Movement orientation 

Lateral movement presents around 70% of the total amount of tennis movement during a tennis game, it can be initiated with intention to create advantage by creating more aggressive strokes or can be used with counter attacking intentions, therefore the tennis movement practice should create both types of movement responses. 

Upper and lower body differentiation / Synchronized body segment separation

The differentiation refers to the upper body rotation initiated with shoulder and elbow rotation away from the direction of incoming ball while the lower body is keeping the movement momentum. Differentiation could be one of the most important transitional motion from the split step to the unloading phase as the players are, while in process of moving, ensuring that at the moment of the set up, upper body muscles are fully and timely stretched (stretch-shortening reflex) and prepared to execute the stroke. 

Deceleration/Set up / Body coordinates

Deceleration is crucial movement phase in preparing for the stroke and for initiation of the recovery after the strokes. Deceleration needs to be considered a vital component of a tennis player’s training as the lower body applies large forces against the ground to decelerate the movement just enough to ensure the most efficient transfer of the lateral into the forward momentum, while the upper body muscles help decelerating the upper body rotation and in order to keep the COG on the edges of the base of support, closer to the impact zone.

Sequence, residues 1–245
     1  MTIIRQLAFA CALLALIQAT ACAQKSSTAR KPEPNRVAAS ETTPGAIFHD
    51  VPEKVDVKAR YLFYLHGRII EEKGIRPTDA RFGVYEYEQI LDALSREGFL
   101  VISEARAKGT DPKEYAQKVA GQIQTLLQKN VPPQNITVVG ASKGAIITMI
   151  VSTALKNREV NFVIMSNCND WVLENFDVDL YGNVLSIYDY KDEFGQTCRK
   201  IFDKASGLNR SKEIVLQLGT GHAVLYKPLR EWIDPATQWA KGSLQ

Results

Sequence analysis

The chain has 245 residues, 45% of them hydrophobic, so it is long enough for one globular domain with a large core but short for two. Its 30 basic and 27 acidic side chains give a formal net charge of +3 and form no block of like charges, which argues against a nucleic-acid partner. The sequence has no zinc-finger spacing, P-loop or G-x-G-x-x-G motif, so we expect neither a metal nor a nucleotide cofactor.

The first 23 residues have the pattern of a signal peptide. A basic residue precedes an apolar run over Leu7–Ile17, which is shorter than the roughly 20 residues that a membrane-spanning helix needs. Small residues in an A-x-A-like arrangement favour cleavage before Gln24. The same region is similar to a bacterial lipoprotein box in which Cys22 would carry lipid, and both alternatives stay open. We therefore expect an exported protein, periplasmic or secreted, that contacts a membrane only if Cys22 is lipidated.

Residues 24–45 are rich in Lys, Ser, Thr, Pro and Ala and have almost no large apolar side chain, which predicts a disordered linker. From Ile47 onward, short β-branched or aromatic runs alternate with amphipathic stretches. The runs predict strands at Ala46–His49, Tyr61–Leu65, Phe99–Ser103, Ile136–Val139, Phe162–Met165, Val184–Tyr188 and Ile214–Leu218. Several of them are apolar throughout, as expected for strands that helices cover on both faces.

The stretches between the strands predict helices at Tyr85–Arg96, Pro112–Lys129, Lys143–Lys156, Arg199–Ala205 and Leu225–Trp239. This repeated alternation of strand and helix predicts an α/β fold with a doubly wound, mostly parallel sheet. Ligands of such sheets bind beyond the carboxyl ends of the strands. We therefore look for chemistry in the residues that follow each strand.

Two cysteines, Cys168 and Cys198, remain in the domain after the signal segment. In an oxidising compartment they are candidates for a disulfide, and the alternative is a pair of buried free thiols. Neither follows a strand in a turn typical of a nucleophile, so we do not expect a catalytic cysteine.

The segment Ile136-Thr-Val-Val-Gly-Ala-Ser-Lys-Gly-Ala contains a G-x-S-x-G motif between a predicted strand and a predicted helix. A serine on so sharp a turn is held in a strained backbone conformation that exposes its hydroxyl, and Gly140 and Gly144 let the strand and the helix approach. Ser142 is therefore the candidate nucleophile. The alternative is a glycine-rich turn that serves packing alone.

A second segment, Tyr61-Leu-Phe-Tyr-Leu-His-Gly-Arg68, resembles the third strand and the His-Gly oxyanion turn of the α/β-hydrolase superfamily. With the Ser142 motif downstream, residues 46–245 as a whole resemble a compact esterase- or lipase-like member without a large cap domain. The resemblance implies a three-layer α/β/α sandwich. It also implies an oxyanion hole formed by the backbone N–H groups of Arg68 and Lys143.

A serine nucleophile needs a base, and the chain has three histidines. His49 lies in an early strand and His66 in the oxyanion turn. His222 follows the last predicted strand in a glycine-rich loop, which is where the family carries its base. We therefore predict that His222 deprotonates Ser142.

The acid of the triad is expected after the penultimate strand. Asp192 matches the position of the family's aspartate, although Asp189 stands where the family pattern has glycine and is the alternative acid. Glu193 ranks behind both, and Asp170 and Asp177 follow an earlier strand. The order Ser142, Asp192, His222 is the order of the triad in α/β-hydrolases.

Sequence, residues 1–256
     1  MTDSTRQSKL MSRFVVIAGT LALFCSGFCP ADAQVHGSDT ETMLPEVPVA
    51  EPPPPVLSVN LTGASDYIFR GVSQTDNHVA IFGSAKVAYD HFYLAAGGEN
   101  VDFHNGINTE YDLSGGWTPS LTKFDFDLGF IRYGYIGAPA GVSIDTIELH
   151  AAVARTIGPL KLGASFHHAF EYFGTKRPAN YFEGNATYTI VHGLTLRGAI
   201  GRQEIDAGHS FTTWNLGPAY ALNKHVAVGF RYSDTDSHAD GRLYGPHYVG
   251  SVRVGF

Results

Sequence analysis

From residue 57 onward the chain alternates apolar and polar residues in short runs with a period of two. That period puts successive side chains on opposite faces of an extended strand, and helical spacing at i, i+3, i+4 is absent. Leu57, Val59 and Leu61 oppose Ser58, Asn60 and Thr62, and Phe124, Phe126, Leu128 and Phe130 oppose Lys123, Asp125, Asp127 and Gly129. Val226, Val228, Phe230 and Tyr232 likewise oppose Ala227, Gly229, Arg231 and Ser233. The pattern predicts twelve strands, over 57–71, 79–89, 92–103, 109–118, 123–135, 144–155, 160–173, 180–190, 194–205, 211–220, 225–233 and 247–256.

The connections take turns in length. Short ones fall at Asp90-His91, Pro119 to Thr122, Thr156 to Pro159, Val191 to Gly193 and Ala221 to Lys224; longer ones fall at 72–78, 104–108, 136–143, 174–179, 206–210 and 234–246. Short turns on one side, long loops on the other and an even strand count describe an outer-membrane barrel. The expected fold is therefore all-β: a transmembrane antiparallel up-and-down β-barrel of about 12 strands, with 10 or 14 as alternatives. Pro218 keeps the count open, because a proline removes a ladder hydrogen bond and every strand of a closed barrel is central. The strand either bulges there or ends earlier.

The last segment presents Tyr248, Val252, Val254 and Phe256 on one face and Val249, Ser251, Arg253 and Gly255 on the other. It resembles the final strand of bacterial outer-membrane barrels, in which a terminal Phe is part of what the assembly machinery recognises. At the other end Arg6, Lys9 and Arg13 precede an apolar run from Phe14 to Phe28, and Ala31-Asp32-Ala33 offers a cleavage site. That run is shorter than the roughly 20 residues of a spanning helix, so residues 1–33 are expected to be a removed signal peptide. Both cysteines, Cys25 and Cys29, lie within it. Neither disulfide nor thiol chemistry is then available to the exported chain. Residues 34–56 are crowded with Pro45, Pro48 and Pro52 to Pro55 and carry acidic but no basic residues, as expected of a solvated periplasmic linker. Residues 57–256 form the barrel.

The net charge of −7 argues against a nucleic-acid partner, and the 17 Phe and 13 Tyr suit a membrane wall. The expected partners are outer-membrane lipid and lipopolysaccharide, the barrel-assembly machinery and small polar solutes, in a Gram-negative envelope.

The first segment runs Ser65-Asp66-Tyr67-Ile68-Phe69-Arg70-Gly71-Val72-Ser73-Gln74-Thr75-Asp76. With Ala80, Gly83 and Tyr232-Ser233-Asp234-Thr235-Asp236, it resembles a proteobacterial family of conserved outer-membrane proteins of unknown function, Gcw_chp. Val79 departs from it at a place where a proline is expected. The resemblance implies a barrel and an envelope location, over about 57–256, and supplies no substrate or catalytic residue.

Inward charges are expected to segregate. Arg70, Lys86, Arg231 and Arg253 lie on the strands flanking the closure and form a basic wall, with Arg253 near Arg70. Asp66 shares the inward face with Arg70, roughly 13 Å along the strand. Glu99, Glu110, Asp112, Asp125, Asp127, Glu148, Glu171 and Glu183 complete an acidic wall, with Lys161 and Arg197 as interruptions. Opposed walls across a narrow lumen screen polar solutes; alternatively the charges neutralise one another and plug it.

As the momentum of the movement differs due to the demands of the game, tennis player’s ability to decelerate changes as well. If an athlete’s velocity increases due to the urgency of the movement, the greater forces are required for player to decelerate in order to set up and unload.

Recovery / Continuity of movement 

In tennis specific movement the recovery movement follows the high intensity unloading of the forces created from the momentum of the movement in combination with the ground forces and additional forces from the upper body muscles contractions. Therefore, unloading the forces through the impact zone while keeping the body parts in balance to recover presents a tennis specific movement. 

In addition to it, the recovery steps in tennis are typical and very specific to the area of the court in which the player stopped the movement and the intention to which area the player intends to recover. Depending on the distance and time availability, players can chose lateral crossover steps for quicker responses or lateral shuffle when having time available to recover.


  • Teaching the efficiency of the movement from the split step, followed by the initiating step, acceleration, deceleration and recovery following the energy transfer throughout the contact zone 
  • Neuromuscular reactions such are decisions of the body orientation and intensity of the movement should be related to the context of the game
  • Keeping the power output at ground contact using the GRF, enabling the summation of energy from the ground to the impact zone and quicker movement recovery responses
  • It is imperative that the majority of training programs are structured to train specific movements experienced during a tennis point and depending of the style of the game
  • Training program should follow specific patterns of movement related to the tactical movement around the court. Directional movement and sudden directional changes should present  meaningful actions and reactions